Publisher: Putnam Juvenile
Harbinger was told through the point of view of Faye and so there were times when it was hard to tell what was real and what was a hallucination that she was having. Her hallucinations are part of why she was sent to Holbrook Academy in the first place. Faye is rebellious and just a tad bit creepy as are the other members of her circle/group/family at the academy. They don’t conform like the other “students” do and as such they are often targeted for some harsh punishments that can make the reader cringe.
Harbinger was a psychological thriller woven on top of a dystiopian setting which added to the strangness of the novel. Faye’s world is suffering from severe drought and natural resources and the government has huge pull in how they want people to behave. Faye and those sent to Holbrook are there to be conditioned so that they will conform to societies rules as well as some other ulterior motive of Dr Mordoch that we learn through clues as the book progresses.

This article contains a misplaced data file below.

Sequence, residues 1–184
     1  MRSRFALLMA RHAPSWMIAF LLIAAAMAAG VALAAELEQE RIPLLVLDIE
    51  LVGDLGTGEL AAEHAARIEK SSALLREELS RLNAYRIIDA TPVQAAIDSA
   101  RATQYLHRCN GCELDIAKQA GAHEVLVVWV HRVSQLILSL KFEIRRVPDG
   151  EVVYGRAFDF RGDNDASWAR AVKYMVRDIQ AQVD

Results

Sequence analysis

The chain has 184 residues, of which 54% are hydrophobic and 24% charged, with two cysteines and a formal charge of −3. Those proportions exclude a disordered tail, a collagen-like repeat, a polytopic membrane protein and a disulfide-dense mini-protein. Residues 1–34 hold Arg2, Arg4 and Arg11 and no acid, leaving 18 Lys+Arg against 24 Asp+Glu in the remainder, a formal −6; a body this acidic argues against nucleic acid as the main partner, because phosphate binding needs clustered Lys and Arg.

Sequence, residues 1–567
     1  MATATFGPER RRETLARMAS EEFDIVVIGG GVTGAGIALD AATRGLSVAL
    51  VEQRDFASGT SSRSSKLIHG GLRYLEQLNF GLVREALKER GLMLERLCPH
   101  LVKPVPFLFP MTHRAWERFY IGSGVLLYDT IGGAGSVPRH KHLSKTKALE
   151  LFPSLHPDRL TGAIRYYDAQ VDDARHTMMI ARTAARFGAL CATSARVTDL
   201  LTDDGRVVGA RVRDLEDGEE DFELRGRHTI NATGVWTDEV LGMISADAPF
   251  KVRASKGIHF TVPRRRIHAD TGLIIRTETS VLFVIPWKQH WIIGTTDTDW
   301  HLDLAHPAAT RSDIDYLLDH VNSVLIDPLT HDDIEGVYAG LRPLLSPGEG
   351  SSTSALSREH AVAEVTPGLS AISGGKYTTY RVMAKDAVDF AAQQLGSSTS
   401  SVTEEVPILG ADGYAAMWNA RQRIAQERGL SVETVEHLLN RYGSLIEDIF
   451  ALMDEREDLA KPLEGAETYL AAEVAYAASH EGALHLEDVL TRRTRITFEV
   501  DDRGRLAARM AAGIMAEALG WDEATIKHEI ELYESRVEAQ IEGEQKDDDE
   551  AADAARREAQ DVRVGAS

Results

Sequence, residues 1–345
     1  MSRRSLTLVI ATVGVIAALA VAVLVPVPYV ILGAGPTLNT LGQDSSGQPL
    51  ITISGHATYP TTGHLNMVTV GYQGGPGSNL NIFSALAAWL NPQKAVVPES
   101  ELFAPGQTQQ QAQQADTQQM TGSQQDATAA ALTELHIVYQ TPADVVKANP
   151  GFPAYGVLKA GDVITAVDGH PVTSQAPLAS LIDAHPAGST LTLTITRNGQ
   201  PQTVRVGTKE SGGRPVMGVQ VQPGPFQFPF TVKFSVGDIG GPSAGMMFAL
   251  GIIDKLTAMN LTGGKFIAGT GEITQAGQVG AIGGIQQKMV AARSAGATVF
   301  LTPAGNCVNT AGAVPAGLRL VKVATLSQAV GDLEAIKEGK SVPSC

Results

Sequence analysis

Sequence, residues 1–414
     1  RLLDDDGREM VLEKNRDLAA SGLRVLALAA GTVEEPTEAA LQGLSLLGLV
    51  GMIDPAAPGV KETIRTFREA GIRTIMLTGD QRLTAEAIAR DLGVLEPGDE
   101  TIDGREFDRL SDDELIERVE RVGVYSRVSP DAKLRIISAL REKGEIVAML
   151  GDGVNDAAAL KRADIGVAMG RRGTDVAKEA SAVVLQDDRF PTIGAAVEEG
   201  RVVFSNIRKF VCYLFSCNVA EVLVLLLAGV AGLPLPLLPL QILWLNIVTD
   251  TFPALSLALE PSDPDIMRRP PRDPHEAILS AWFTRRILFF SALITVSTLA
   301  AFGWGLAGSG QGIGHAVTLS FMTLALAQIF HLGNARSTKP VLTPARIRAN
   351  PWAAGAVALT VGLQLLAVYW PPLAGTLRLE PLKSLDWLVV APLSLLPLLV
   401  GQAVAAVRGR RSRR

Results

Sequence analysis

As a whole this was an original novel from a new voice and I enjoyed trying to figure what was happening along with Faye. There is something nice when you aren’t clued in before hand to what is going on and having to try to figure things out as the book progresses. I also like that this is a stand alone book, at least as far as I know it is, as there are too few books that are. I do get tired of series and books with cliff hanger endings. I am also pretty tired of love triangles and so was happy to see that there wasn’t one in this book. I also liked the push and pull and the questioning that Faye went through with Kel. Was Kel working with her or was he working against her? I loved how no one in this book was entirely good or evil but all existed in various shades of gray. I enjoyed Harbinger and I look forward to seeing what Etienne comes up with next.